Reason Handouts, Activities, Materials

Go To Web Resources on Reason

Handouts and Readings on Intuition

You can use any or all of the resources linked below with attribution

1. How Does Reason Work?

(coming soon)

2. Inductive vs. Deductive Reasoning

(coming soon)

3. Misc. Reason Handouts

4. Logical Fallacies

Here is a great poster for the TOK classroom. You can download the image for free or pay to have a high resolution poster delivered to you. Totally worth it!

(Click on the image below to go to the site)

5. A website that shares some amusing correlations that are not causally related. A great way to help student understand the point.

5. General Resources on Reason

“You’re not going to believe what I’m about to tell you”
Cartoon by The Oatmeal (Click on image to view)

You are not so smart Podcast

Books

From the book’s amazon page:

You believe you are a rational, logical being who sees the world as it really is, but journalist David McRaney is here to tell you that you’re as deluded as the rest of us. But that’s OK- delusions keep us sane. You Are Not So Smart is a celebration of self-delusion. It’s like a psychology class, with all the boring parts taken out, and with no homework.

Based on the popular blog of the same name, You Are Not So Smart collects more than 46 of the lies we tell ourselves everyday

Reason, Fallacies, Emotion, Intuition, Ways of Knowing

Really great book (also a great podcast) that discusses, through interesting examples, cognitive biases, reasoning fallacies, and the general limitations and challenges of knowing.

From the book’s amazon page:

You believe you are a rational, logical being who sees the world as it really is, but journalist David McRaney is here to tell you that you’re as deluded as the rest of us. But that’s OK- delusions keep us sane. You Are Not So Smart is a celebration of self-delusion. It’s like a psychology class, with all the boring parts taken out, and with no homework.

Based on the popular blog of the same name, You Are Not So Smart collects more than 46 of the lies we tell ourselves everyday

 

Reason, Emotion, Decision Making

Easy to read book that evaluates and discusses how we come to decisions. Easy to adapt student readings from this book.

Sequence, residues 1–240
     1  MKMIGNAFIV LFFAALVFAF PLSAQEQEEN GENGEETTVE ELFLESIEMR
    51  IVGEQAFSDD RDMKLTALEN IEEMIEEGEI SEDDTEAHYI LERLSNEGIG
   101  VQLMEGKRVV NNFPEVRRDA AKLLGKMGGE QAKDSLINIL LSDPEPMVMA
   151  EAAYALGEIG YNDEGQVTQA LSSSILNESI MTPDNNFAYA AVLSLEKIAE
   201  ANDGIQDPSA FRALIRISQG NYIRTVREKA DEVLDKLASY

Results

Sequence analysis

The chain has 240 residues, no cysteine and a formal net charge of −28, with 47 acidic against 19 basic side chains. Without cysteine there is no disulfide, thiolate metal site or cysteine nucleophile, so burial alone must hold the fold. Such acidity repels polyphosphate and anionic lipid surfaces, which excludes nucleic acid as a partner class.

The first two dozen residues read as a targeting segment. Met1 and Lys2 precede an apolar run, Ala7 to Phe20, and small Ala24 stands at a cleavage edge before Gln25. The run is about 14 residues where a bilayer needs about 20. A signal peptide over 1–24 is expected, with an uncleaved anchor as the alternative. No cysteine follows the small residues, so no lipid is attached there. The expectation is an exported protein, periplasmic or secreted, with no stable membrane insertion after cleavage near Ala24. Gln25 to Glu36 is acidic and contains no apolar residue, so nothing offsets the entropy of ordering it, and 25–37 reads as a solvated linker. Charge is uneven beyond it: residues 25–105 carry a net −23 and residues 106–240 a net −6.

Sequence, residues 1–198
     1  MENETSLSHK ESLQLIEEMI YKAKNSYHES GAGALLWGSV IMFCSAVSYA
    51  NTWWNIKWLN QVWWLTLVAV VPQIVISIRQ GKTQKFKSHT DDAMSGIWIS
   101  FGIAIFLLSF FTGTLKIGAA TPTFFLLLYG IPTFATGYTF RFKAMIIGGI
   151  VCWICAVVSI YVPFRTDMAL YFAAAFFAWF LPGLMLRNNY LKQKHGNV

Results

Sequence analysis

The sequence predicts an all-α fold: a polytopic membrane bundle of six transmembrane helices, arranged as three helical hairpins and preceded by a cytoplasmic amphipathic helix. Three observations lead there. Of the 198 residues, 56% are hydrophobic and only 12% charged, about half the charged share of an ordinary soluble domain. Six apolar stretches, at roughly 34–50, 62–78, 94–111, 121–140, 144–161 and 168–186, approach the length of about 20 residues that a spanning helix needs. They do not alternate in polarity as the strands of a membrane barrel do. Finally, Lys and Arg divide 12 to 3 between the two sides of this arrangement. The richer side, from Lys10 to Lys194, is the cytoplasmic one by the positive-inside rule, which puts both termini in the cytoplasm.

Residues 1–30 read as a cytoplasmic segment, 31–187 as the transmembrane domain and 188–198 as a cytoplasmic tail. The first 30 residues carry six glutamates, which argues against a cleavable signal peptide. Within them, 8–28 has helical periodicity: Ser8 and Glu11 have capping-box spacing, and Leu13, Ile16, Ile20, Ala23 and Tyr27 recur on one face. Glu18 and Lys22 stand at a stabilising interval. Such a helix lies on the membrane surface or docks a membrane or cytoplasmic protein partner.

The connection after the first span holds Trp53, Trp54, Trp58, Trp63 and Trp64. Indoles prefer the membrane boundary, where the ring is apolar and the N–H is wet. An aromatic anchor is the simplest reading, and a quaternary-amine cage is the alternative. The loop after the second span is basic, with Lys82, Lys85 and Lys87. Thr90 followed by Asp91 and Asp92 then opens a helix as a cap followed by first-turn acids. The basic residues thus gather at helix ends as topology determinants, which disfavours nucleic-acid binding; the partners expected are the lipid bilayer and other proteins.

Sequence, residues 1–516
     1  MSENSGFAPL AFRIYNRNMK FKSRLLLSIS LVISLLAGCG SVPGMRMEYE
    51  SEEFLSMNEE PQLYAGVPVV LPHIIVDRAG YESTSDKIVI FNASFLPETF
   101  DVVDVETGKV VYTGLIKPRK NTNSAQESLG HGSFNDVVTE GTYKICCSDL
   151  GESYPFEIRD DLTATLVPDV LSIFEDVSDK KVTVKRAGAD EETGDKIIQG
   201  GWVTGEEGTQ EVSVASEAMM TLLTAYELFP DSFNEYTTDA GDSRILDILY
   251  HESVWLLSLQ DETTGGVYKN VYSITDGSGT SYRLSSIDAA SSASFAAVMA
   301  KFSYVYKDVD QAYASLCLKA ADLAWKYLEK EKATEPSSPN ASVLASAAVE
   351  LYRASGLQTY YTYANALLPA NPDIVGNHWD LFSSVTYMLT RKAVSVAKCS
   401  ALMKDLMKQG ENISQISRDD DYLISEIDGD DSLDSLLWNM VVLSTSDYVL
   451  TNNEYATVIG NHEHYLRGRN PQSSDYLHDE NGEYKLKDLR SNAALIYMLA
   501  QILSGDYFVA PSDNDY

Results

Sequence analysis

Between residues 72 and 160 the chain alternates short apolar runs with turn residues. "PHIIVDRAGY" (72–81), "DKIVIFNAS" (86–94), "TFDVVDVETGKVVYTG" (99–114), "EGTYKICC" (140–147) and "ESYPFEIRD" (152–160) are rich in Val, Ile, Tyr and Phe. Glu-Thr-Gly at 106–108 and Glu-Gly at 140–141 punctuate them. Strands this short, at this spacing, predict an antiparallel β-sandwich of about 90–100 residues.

The first book to use the unexpected discoveries of neuroscience to help us make the best decisions

Since Plato, philosophers have described the decision-making process as either rational or emotional: we carefully deliberate, or we “blink” and go with our gut. But as scientists break open the mind’s black box with the latest tools of neuroscience, they’re discovering that this is not how the mind works. Our best decisions are a finely tuned blend of both feeling and reason—and the precise mix depends on the situation. When buying a house, for example, it’s best to let our unconscious mull over the many variables. But when we’re picking a stock, intuition often leads us astray. The trick is to determine when to use the different parts of the brain, and to do this, we need to think harder (and smarter) about how we think.

Emotion, Reason

Really interesting work on the relationship between emotion and reason. There are some really great stories that are easily adapted to the TOK class from this book. This work is often cited in other articles and books about how we make decisions.

Since Descartes famously proclaimed, “I think, therefore I am,” science has often overlooked emotions as the source of a person’s true being. Even modern neuroscience has tended, until recently, to concentrate on the cognitive aspects of brain function, disregarding emotions. This attitude began to change with the publication of Descartes’ Error in 1995. Antonio Damasio—”one of the world’s leading neurologists” (The New York Times)—challenged traditional ideas about the connection between emotions and rationality. In this wondrously engaging book, Damasio takes the reader on a journey of scientific discovery through a series of case studies, demonstrating what many of us have long suspected: emotions are not a luxury, they are essential to rational thinking and to normal social behavior.

Reason, Emotion, Intuition

This is one of my favorite non fiction books of all time. This book is a compendium of all the groundbreaking work done by Kanheman and Tversky. Really thorough and insightful. Too long to be a text for students to use but would provide a teacher with lots of insight. Similar to Blink in its discussion of Intuition, this is far more thorough and detailed and creates an effective model for thinking about the brain: System 1 and System 2, or, the fast and slow brain.

The international bestseller, Thinking, Fast and Slow, Daniel Kahneman, the renowned psychologist and winner of the Nobel Prize in Economics, takes us on a groundbreaking tour of the mind and explains the two systems that drive the way we think. System 1 is fast, intuitive, and emotional; System 2 is slower, more deliberative, and more logical. The impact of overconfidence on corporate strategies, the difficulties of predicting what will make us happy in the future, the profound effect of cognitive biases on everything from playing the stock market to planning our next vacation—each of these can be understood only by knowing how the two systems shape our judgments and decisions.